Porfirio Quintano
Hillary, Honduras, and the Murder of My Friend Berta
Patrick Cockburn
Airstrikes on ISIS are Reducing Their Cities to Ruins
Uri Avnery
The Center Doesn’t Hold
Raouf Halaby
The Sailors of the USS Liberty: They, Too, Deserve to Be Honored
Rodrigue Tremblay
Barack Obama’s Legacy: What happened?
Matt Peppe
Just the Facts: The Speech Obama Should Have Given at Hiroshima
Deborah James
Trade Pacts and Deregulation: Latest Leaks Reveal Core Problem with TISA
Michael Donnelly
Still Wavy After All These Years: Flower Geezer Turns 80
Ralph Nader
The Funny Business of Farm Credit
Paul Craig Roberts
Memorial Day and the Glorification of Past Wars
Colin Todhunter
From Albrecht to Monsanto: A System Not Run for the Public Good Can Never Serve the Public Good
Rivera Sun
White Rose Begins Leaflet Campaigns June 1942
Tom H. Hastings
Field Report from the Dick Cheney Hunting Instruction Manual
Weekend Edition
May 27, 2016
Friday - Sunday
John Pilger
Silencing America as It Prepares for War
Rob Urie
By the Numbers: Hillary Clinton and Donald Trump are Fringe Candidates
Paul Street
Feel the Hate
Daniel Raventós - Julie Wark
Basic Income Gathers Steam Across Europe
Andrew Levine
Hillary’s Gun Gambit
Jeffrey St. Clair
Hand Jobs: Heidegger, Hitler and Trump
S. Brian Willson
Remembering All the Deaths From All of Our Wars
Dave Lindorff
With Clinton’s Nixonian Email Scandal Deepening, Sanders Must Demand Answers
Pete Dolack
Millions for the Boss, Cuts for You!
Peter Lee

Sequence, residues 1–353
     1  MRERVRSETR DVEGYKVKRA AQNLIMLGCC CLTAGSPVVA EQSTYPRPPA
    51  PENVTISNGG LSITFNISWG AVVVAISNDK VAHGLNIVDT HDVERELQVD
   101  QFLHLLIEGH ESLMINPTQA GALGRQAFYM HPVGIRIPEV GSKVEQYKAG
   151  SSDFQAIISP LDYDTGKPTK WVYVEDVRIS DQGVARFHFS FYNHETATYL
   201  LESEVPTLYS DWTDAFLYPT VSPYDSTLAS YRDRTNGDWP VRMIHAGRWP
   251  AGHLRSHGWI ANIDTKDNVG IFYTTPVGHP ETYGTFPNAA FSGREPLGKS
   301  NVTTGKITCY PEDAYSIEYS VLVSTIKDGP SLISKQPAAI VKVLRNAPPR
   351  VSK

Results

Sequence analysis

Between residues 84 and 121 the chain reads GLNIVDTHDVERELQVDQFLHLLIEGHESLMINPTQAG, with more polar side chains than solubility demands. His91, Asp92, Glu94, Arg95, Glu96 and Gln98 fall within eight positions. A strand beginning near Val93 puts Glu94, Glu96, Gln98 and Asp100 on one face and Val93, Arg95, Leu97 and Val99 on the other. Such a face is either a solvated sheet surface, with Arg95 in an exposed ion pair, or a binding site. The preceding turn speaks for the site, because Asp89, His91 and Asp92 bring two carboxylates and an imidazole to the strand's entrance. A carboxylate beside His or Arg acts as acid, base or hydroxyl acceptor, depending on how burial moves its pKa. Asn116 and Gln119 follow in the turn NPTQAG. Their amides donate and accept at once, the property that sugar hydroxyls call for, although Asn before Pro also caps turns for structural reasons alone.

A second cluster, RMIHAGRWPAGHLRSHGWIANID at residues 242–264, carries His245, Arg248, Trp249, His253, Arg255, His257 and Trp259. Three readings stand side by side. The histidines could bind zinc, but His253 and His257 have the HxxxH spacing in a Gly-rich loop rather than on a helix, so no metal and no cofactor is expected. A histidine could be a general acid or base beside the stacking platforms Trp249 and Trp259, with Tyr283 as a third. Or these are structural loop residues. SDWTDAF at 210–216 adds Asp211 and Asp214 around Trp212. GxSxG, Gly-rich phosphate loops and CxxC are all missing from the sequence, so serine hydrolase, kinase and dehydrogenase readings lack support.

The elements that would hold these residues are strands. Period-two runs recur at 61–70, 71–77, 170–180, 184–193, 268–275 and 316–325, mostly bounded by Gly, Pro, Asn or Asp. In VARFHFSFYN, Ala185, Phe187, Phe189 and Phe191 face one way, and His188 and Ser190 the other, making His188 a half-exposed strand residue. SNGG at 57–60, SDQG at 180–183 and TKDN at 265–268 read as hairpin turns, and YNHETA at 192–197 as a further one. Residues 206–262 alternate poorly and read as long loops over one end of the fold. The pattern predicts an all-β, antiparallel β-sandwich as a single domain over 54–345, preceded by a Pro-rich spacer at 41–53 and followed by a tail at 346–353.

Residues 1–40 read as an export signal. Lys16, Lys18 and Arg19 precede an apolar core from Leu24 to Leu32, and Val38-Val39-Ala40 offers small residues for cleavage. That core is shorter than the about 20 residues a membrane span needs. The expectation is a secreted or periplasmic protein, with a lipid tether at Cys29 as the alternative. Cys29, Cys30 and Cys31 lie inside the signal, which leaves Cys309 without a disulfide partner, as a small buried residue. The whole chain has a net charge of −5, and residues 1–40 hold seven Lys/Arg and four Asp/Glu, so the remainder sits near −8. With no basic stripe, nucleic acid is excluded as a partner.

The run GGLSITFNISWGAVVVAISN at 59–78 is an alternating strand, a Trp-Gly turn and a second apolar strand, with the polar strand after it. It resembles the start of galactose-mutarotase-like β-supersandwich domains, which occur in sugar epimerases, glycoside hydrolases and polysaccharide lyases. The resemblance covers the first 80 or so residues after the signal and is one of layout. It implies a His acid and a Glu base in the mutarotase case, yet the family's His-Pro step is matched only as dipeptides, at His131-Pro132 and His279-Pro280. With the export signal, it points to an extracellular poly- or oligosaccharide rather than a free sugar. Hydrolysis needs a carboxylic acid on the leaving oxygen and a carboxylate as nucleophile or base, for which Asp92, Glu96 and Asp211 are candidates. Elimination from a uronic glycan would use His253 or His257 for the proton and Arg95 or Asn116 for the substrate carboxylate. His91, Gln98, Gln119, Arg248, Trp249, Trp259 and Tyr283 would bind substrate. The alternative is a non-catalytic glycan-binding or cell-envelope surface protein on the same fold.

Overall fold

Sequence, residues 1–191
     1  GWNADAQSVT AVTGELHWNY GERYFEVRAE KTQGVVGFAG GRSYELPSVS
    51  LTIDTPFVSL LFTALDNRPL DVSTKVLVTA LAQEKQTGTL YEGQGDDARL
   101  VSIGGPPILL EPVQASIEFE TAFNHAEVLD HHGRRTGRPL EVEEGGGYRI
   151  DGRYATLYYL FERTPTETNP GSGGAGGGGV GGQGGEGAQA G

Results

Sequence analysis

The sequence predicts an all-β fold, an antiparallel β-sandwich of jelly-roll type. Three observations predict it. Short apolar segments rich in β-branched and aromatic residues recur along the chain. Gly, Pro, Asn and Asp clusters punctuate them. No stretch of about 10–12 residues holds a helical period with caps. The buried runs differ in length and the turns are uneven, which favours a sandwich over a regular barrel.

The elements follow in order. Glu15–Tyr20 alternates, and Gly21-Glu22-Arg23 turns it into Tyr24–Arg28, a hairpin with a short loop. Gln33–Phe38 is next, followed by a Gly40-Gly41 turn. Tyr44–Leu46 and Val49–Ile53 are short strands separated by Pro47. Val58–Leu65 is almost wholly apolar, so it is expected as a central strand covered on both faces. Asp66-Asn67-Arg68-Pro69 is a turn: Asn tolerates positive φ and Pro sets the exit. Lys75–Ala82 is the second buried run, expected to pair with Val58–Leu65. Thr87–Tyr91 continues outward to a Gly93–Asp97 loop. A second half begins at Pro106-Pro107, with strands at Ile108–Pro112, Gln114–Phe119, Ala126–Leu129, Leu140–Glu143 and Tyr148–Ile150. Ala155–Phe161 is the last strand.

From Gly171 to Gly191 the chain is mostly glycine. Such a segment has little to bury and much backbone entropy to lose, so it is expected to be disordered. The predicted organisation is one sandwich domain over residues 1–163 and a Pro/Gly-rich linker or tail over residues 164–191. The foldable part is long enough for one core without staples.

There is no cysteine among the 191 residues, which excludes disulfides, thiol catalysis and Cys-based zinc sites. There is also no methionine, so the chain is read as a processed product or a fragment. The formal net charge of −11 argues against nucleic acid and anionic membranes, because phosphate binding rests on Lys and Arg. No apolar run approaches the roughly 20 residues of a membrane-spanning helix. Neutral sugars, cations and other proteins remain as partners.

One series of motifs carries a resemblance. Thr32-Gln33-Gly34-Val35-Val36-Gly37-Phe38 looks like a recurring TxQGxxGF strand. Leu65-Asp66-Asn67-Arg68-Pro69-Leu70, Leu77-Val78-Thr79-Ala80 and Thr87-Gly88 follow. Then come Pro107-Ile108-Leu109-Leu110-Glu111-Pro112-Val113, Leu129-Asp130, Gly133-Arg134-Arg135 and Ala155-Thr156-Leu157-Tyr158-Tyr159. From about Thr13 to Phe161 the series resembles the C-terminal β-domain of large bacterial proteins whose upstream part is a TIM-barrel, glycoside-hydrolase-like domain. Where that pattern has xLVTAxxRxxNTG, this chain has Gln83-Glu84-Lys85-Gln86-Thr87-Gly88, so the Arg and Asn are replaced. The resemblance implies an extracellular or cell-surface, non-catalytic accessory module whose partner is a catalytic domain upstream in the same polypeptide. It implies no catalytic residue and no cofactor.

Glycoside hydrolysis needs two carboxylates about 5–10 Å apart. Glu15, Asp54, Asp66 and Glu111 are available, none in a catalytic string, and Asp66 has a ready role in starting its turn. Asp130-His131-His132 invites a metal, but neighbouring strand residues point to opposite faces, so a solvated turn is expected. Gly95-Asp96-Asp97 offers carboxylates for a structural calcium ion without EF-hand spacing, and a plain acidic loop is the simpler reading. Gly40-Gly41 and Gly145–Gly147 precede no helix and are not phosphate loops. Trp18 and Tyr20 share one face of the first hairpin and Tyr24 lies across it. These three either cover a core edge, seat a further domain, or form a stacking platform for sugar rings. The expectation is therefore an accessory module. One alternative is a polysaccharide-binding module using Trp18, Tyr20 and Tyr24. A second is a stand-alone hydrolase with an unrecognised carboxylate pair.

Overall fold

To Hell and Back: Hiroshima and Nagasaki
Gunnar Westberg
Close Calls: We Were Much Closer to Nuclear Annihilation Than We Ever Knew
Karl Grossman
Long Island as a Nuclear Park
Binoy Kampmark
Sweden’s Assange Problem: The District Court Ruling
Robert Fisk
Why the US Dropped Its Demand That Assad Must Go
Martha Rosenberg – Ronnie Cummins
Bayer and Monsanto: a Marriage Made in Hell
Brian Cloughley
Pivoting to War
Stavros Mavroudeas
Blatant Hypocrisy: the Latest Late-Night Bailout of Greece
Arun Gupta
A War of All Against All
Dan Kovalik
NPR, Yemen & the Downplaying of U.S. War Crimes
Randy Blazak
Thugs, Bullies, and Donald J. Trump: The Perils of Wounded Masculinity
Murray Dobbin
Are We Witnessing the Beginning of the End of Globalization?
Daniel Falcone
Urban Injustice: How Ghettos Happen, an Interview with David Hilfiker
Gloria Jimenez
In Honduras, USAID Was in Bed with Berta Cáceres’ Accused Killers
Kent Paterson
The Old Braceros Fight On
Lawrence Reichard
The Seemingly Endless Indignities of Air Travel: Report from the Losing Side of Class Warfare
Peter Berllios
Bernie and Utopia
Stan Cox – Paul Cox
Indonesia’s Unnatural Mud Disaster Turns Ten
Linda Pentz Gunter
Obama in Hiroshima: Time to Say “Sorry” and “Ban the Bomb”
George Souvlis
How the West Came to Rule: an Interview with Alexander Anievas
Julian Vigo
The Government and Your i-Phone: the Latest Threat to Privacy
FacebookTwitterGoogle+RedditEmail